racko
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Steve Jobs Resigns As CEO Of Apple

Wed Aug 24, 2011 10:36 pm

Reuters flash.

No matter what you think about Apple, he surely is a giant and has done a lot for the industry.
 
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Tugger
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RE: Steve Jobs Resigns As CEO Of Apple

Wed Aug 24, 2011 10:49 pm

So the question is who will be "the decider" from now on at Apple? Steve was a man of absolute power and discerning vision on how products needed to be. He is/was part of the magic of Apple. Even after all the events with him over the recent years and his essentially careful "stepping away" from the helm of Apple I think this will have a big impact due to public and investor perception. He even had to come back and continue doing the launch events with his famous "one more thing", and when he did the stock got a bump.

Should be interesting tomorrow to watch the stock.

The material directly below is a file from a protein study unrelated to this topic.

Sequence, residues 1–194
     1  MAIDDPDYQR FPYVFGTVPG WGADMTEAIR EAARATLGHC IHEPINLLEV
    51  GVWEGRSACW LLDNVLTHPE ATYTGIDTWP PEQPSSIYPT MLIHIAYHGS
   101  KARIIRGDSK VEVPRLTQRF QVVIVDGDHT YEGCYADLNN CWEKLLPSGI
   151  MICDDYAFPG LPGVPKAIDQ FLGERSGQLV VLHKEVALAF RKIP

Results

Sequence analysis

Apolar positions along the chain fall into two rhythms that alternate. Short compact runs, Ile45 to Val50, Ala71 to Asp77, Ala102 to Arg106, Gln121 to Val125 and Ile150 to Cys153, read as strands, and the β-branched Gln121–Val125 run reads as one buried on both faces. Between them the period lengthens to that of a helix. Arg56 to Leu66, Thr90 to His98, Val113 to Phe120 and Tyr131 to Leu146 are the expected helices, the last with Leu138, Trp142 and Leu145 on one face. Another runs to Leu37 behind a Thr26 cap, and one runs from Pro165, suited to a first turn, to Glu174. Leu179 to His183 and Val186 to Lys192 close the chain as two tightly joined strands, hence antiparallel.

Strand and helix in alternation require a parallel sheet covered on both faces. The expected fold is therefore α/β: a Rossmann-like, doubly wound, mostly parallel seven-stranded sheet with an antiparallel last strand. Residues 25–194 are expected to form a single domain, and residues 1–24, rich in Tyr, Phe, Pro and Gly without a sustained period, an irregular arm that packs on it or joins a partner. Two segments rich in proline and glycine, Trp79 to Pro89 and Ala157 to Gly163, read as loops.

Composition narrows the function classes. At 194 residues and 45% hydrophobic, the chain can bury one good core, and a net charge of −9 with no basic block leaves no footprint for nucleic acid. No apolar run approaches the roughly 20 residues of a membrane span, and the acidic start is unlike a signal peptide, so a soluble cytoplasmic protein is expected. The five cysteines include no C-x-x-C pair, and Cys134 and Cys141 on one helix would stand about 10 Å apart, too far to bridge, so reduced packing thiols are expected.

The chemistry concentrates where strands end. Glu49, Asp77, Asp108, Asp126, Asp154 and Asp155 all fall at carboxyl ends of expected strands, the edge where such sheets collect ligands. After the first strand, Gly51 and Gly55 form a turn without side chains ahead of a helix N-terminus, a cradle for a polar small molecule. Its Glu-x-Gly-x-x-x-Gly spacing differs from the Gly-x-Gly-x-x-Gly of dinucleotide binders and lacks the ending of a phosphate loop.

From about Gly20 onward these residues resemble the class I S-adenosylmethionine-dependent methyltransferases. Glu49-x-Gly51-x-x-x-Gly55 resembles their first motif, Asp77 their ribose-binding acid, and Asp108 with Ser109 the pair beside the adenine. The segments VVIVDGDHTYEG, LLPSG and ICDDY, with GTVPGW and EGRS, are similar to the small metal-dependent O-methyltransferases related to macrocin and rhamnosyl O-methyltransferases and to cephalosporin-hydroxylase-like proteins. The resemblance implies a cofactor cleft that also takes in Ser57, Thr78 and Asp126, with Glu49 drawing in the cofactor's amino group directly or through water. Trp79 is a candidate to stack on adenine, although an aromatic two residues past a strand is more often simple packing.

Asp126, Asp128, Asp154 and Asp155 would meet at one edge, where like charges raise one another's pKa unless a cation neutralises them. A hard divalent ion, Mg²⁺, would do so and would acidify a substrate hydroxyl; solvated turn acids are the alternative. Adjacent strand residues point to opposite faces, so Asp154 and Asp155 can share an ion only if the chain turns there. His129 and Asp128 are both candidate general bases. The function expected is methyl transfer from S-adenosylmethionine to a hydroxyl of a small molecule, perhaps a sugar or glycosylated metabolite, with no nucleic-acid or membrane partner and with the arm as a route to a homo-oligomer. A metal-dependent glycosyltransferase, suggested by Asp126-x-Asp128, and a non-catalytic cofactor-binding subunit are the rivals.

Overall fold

Edit to add:
Finally see it the general news:
http://finance.fortune.cnn.com/2011/...pple-steve-jobs-resigns/?iid=HP_LN

Steve will stay on (has requested to at least and I can't imagine the board will do something different) as Chairman.

Tugg

[Edited 2011-08-24 15:59:19]
I don’t know that I am unafraid to be myself, but it is hard to be somebody else. -W. Shatner
 
Ken777
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RE: Steve Jobs Resigns As CEO Of Apple

Wed Aug 24, 2011 11:13 pm

Jobs is staying on a Chairman of the Board and will continue as an employee.

If the stock takes a dive it will be a great busing opportunity - the iPhone 5 is about ready (with expanded carriers), iPad3 is on the way, iOS5 ready to blow the doors off, some new Mac that redefines the Mac.

I don't see Apple slowing down for years. Tim Cook is outstanding. Jonathan Ive is a genius. And they are pretty representative of Apple's talent.

As for Steve Jobs, one can only wish him all the very best. His achievements are legendary and will be an example for others for generations. Hopefully he will have a long time now to enjoy his family and friends.
 
ALTF4
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RE: Steve Jobs Resigns As CEO Of Apple

Thu Aug 25, 2011 12:02 am

With Steve being on medical leave so much recently and fighting some serious health issues, I certainly wish him all the best. I truly hope that his reasons for resigning are not due to unexpectedly worse health conditions, but I fear that is the most realistic explanation.

Hopes and prayers that as more news comes out, that turns out not to be the case.
The above post is my opinion. Don't like it? Don't read it.